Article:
Girls exploited by the sex trafficking system face an alarming double-bind: thirty-one states still charge minors with prostitution, and in 2019, at least 290 American teens were arrested under this law. This can lead young victims to hesitate to alert law enforcement to their plight for fear of arrest and incarceration—due to this very fear, Alyssa Beck chose not to tell authorities of her situation. But the same elements that put adolescents at higher risk for involvement in sex trafficking also put them at risk for juvenile incarceration. A study of juvenile prostitution cases found that 84% had a history of running away, and almost half had prior arrests and detentions. In the eyes of many judges, girls who have run away violated curfew or other minor offenses will be safer inside detention centers than on the streets. Yet most correctional facilities are ill-equipped to deal with the complicated health needs of girls in the juvenile justice system and can introduce them to the violent world of sex trafficking.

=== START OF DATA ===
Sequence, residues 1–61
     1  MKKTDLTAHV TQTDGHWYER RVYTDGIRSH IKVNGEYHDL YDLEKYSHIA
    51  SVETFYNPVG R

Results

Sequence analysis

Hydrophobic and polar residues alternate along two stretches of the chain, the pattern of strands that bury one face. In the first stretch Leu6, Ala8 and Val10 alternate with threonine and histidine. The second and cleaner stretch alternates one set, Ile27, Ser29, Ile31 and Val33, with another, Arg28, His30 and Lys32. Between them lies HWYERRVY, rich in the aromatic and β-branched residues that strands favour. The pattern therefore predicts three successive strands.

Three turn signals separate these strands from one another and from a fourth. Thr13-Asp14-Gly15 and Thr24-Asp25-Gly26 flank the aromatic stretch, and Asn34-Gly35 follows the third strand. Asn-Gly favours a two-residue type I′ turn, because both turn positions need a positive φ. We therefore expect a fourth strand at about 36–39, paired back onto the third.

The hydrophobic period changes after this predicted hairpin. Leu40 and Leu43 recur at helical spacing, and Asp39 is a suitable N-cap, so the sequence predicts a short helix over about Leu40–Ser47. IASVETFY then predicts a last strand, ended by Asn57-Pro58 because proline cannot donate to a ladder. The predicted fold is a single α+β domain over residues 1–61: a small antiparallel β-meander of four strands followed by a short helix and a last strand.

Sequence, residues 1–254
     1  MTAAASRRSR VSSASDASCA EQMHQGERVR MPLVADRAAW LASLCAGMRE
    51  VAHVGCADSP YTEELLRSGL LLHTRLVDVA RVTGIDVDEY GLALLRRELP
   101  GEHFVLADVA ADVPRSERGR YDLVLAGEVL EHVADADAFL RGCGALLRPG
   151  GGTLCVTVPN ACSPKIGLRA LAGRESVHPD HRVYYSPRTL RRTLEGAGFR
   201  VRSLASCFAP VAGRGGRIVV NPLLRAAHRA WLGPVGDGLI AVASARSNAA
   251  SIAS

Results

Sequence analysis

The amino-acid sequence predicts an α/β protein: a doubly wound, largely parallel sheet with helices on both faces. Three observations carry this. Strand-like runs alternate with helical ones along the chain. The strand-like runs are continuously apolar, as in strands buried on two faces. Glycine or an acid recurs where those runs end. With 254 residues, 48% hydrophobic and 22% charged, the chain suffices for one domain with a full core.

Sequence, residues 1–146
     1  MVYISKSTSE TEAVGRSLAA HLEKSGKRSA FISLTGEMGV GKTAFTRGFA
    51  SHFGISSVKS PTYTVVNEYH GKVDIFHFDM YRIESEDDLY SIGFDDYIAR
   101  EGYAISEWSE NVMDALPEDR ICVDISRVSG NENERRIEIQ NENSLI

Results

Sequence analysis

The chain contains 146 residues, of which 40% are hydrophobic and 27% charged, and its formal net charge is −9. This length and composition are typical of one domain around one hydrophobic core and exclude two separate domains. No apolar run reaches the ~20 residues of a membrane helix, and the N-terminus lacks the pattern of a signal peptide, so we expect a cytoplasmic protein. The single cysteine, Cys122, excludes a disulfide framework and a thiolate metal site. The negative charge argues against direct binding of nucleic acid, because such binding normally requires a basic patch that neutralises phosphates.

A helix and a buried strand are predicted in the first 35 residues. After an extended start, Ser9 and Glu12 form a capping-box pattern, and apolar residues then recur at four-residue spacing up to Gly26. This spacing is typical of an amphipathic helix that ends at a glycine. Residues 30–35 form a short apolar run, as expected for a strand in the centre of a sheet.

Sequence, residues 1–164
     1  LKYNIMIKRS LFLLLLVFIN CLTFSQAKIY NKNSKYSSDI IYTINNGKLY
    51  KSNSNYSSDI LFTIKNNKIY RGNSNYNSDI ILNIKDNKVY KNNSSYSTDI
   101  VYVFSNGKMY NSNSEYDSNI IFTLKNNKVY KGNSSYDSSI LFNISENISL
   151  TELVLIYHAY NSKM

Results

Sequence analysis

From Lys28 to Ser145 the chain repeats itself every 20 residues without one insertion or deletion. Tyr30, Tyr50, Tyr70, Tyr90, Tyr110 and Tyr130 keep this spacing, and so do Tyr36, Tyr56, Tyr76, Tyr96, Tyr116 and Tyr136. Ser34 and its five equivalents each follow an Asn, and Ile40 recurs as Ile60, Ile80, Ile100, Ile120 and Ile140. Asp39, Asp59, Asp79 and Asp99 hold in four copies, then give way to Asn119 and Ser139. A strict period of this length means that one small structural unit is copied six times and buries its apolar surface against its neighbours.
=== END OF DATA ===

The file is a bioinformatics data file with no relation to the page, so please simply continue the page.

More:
Most young females brought to court are arrested for non-violent offenses: prostitution, larceny, and liquor violations, to name a few. Yet an astounding 73% of them have had histories of sexual or physical abuse. Victims of this type of abuse, members of unstable families or communities, and those who are disconnected from education systems are susceptible to both sex trafficking and placement in correctional facilities. Sex traffickers choose to prey on the most vulnerable adolescents—often, those with issues like substance abuse and violence at home—by deceiving them into feeling safe, loved, and wanted. “These traffickers made me feel like I was loved,” Alyssa Beck recounted. “I was running from something... and I was running to love and acceptance.” But by placing youth like Alyssa with histories of running away into detention centers, we aren’t addressing family grievances; in fact, we may make it more likely that youth search for safety outside of the home, leading them towards the realm of sex trafficking. Out-of-home facilities are not the research-based interventions that young victims of trauma need to heal and thrive.